The Exasperating Logic Of `Terrorism’
02/26/2009 - 00:00
Gary Rosenblatt

Thursday, February 26th, 2009

Reading Michael Slackman’s Memo From Cairo in the New York Times today was an exercise in futility and despair for anyone who believes that morality and humanity should be a factor in international relations. (”Disentangling Layers of a Loaded Term in Search of a Thread of Peace,” Feb. 26)

The Times correspondent tackles the issue of what terrorism means to the Arab world, and finds that it is 180 degrees apart from those of us in the pro-Israel community.

To Egyptians, and other Arabs, the recent war in Gaza was Exhibit A in the case against Israel, with the Jewish State guilty of terrorism in its military conduct, which resulted in the deaths of civilians. And Hamas, and Hezbollah in Lebanon, are perceived as groups “trying to liberate their countries,” according to a former Egyptian ambassador to Britain.

Slackman mentions that Israelis argue that it is not their army’s intent to harm civilians. But he does not extend the point to say that while Israel pursues militants who place themselves among civilians, the goal of groups like Hamas is to kill any and all Israelis - and according to their truly frightening charter, to destroy all Jews, everywhere.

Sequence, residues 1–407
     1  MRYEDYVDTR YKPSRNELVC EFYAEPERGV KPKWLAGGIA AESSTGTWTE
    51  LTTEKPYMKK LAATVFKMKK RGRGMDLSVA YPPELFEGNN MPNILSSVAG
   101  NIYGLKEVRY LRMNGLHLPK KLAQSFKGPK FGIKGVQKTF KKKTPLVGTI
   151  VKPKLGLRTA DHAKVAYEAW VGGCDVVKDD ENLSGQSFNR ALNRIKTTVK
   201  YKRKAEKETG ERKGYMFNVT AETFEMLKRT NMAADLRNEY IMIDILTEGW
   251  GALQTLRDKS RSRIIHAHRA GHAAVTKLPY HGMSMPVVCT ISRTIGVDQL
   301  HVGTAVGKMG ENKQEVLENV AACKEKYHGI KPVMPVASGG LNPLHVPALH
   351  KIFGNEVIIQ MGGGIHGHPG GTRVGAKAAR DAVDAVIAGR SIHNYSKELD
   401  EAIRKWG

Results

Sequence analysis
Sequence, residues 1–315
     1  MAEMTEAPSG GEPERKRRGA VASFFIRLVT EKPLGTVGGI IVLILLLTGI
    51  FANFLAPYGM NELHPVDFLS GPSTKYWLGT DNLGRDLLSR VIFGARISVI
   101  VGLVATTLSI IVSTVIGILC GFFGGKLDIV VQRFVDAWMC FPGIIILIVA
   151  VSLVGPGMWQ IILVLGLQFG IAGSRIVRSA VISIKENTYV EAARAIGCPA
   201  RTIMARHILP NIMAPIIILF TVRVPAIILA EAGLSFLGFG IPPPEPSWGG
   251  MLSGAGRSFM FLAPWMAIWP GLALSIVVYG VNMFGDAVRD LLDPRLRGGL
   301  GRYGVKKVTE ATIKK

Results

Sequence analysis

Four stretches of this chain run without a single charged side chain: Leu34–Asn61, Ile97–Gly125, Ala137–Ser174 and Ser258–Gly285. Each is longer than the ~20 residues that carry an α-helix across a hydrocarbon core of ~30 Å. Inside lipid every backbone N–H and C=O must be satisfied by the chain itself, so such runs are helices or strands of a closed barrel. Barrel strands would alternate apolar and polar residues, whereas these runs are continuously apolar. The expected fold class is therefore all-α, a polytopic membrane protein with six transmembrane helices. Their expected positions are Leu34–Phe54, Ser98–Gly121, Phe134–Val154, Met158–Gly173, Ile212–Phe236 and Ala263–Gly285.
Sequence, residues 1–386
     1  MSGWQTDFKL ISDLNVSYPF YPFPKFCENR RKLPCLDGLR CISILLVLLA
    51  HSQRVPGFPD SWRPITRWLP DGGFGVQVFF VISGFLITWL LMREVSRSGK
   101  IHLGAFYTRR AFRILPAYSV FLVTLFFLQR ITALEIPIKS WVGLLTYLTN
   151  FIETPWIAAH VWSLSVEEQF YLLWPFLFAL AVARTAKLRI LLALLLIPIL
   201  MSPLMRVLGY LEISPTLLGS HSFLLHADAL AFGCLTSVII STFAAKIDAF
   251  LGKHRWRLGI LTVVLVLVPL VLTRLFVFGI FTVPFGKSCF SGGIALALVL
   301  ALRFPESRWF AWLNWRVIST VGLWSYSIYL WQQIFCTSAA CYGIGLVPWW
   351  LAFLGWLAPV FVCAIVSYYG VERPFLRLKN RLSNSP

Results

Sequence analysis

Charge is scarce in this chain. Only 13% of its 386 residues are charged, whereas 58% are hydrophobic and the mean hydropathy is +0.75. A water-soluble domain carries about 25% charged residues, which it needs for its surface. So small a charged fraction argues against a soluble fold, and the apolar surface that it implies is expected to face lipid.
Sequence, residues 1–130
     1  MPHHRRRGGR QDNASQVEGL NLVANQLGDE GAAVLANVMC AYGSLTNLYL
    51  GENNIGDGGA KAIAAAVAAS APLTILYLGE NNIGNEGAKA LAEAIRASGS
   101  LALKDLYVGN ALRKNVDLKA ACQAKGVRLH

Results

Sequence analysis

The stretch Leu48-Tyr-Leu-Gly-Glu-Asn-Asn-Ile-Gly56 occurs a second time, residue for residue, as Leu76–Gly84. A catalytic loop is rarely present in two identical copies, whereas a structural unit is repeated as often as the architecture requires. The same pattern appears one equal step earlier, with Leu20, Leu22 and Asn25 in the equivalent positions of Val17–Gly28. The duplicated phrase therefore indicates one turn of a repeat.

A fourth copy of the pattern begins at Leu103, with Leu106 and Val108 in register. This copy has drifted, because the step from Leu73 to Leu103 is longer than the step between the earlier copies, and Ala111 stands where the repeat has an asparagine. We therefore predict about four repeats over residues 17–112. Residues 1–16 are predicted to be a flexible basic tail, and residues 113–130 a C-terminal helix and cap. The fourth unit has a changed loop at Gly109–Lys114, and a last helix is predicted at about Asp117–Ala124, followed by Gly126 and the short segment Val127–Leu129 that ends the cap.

Hamas militants who hide behind their own civilians to kill Israel civilians are deemed heroes; Israeli soldiers who jeopardize their own lives to avoid killing Palestinian civilians are considered monsters.

The timely element of the Slackman piece is that the new Obama administration is hoping to improve its relations in the Arab world, but he concludes that as long as Washington backs Israel, it’s hopeless. He does not explore the counterview that as long as the Arab world endorses the notion that killing Jewish women and children is a noble form of liberation, peace is a fantasy. What’s more, there is no mention that most Arabs believe Israel was responsible for 9/11, or that if Israel pulled out of Gaza in 2005, what is left to liberate?

And most missing of all is the belief among so many Arabs that there simply is no place for a Jewish state in the region. Period.

Slackman quotes Arabs saying that the American application of terrorism is hypocrisy, and that Americans think all Muslims are terrorists. That is not the case, but it is true that the majority of terror attacks around the world in recent years, including 9/11, were perpetrated by Muslims, most of them Arabs. Unless you insist that 9/11 was not an act of terror, or that Israel was behind it, and then, indeed, there is little room for negotiation, or hope.

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